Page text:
Characterization of Incomplete Hippocampal Inversions in a large dataset of young healthy subjects

Abstract : Incomplete hippocampal inversion (IHI) is an atypical anatomical pattern of the hippocampus. It has been mostly described in patients with epilepsy, in particular with malformations of cortical development but also in temporal lobe epilepsy (Baulac et al. 1998; Bernasconi et al. 2005; Bajic et al. 2009), with a prevalence of 30%-50%. However, IHI are also found in healthy subjects, although with an apparently lower frequency (Bajic et al. 2008). A few studies have investigated the prevalence of IHI in subjects without seizures (Gamss et al. 2009; D. Bajic et al. 2008). However, these studies include a small number of subjects leading to an imprecise estimation of the prevalence of IHI, or included patients without epileptic seizures but referred for other neurological conditions. Therefore, the frequency of IHI in healthy subjects remains unclear. The purpose of our study was to investigate the prevalence of IHI in a large population of healthy subjects.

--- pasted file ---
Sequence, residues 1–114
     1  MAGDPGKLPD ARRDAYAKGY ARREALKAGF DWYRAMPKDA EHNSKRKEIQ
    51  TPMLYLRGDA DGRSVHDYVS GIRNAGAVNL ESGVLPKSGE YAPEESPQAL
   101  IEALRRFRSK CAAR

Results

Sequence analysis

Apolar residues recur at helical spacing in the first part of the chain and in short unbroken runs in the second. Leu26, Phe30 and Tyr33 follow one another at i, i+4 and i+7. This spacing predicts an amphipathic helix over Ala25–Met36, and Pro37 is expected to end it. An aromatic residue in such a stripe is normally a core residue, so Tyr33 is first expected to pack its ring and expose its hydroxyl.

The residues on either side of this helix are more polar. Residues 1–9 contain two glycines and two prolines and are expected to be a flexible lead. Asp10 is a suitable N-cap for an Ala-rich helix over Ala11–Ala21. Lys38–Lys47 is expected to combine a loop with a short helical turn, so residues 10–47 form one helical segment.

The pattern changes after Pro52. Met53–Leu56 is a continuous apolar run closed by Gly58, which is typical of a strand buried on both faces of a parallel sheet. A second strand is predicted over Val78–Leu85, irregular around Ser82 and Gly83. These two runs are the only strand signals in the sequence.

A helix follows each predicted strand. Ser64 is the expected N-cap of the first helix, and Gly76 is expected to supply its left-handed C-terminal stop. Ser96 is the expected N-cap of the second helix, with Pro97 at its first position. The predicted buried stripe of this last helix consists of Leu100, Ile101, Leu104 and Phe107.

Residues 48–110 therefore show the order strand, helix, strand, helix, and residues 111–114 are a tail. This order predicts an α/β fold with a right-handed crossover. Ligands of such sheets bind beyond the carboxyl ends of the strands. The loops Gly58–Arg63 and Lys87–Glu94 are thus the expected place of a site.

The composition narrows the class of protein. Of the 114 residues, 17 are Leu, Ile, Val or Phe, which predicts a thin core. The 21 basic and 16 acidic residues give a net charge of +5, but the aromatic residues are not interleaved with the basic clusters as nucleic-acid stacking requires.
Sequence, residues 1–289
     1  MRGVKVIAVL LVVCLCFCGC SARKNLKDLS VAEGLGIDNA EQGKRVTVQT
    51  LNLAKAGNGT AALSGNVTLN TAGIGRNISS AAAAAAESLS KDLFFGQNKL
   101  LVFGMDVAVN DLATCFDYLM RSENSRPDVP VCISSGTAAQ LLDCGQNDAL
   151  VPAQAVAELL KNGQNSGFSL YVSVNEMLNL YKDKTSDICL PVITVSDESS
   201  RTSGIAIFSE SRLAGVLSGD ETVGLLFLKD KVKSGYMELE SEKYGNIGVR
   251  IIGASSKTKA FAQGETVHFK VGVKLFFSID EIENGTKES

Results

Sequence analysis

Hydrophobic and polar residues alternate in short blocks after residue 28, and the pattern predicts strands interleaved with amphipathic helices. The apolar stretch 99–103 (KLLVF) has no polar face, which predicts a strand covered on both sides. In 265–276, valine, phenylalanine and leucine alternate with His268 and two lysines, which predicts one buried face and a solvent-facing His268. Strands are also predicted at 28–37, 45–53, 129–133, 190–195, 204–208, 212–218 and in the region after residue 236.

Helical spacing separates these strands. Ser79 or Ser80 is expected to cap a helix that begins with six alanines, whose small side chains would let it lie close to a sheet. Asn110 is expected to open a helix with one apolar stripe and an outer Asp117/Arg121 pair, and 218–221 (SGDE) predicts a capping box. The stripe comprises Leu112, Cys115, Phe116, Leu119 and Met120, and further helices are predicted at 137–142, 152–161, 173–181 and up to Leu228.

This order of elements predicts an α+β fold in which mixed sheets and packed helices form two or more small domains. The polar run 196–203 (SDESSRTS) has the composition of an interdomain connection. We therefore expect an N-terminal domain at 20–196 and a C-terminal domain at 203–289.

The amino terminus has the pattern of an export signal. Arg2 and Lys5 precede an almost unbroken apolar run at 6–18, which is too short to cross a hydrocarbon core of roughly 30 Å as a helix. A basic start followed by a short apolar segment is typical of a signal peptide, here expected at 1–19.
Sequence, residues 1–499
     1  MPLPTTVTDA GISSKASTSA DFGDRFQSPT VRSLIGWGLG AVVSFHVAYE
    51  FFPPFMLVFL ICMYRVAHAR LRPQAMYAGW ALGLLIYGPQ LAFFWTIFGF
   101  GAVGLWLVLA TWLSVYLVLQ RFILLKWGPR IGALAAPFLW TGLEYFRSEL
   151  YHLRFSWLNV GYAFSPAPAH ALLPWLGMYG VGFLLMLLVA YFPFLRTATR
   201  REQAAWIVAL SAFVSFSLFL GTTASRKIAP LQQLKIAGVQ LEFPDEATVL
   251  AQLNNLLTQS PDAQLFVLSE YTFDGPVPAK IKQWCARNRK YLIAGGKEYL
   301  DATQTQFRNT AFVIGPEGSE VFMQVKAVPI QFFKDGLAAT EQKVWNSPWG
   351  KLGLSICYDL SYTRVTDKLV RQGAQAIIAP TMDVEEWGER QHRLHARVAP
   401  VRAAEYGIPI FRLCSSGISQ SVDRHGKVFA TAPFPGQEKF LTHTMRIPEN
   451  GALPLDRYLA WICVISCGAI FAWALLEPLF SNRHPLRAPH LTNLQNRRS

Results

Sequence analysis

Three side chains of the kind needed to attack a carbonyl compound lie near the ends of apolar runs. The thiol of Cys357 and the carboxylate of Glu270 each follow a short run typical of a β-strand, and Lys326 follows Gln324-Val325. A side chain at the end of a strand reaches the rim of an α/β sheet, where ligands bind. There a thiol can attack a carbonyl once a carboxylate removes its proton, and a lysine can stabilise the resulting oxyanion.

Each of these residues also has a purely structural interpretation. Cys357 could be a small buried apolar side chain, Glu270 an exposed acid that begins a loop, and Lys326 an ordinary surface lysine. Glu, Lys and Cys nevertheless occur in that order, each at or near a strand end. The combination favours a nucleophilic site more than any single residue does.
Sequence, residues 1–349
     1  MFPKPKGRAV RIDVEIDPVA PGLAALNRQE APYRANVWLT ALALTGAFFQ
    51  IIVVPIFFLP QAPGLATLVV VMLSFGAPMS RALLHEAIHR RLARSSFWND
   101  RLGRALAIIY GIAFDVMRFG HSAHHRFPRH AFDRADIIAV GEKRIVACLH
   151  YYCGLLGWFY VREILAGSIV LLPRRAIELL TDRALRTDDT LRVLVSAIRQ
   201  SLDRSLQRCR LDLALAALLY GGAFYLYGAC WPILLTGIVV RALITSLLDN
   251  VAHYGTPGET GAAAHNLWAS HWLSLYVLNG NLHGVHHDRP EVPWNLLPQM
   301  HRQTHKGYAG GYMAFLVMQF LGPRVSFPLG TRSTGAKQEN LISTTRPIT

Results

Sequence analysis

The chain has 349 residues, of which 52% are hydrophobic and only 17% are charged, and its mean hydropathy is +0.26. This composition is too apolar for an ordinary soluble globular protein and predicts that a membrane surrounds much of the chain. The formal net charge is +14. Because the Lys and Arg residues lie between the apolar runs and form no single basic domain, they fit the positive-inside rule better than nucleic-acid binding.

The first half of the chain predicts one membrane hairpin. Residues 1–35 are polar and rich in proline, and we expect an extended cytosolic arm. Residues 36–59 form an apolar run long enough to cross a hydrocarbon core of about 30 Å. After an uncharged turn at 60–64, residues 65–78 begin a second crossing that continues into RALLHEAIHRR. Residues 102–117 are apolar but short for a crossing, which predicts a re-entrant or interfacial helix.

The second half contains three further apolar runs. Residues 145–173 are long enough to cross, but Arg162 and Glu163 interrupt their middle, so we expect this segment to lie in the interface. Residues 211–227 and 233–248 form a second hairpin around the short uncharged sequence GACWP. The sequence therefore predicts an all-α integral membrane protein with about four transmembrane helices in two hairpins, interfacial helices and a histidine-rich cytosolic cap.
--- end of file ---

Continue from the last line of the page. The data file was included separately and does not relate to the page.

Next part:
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Claire Cury, Roberto Toro, Fanny Cohen, Amel Mhaya, Dominique Hasboun, et al.. Characterization of Incomplete Hippocampal Inversions in a large dataset of young healthy subjects. Human Brain Mapping - 2015, Jun 2015, Honolulu, United States. ⟨hal-01212219⟩

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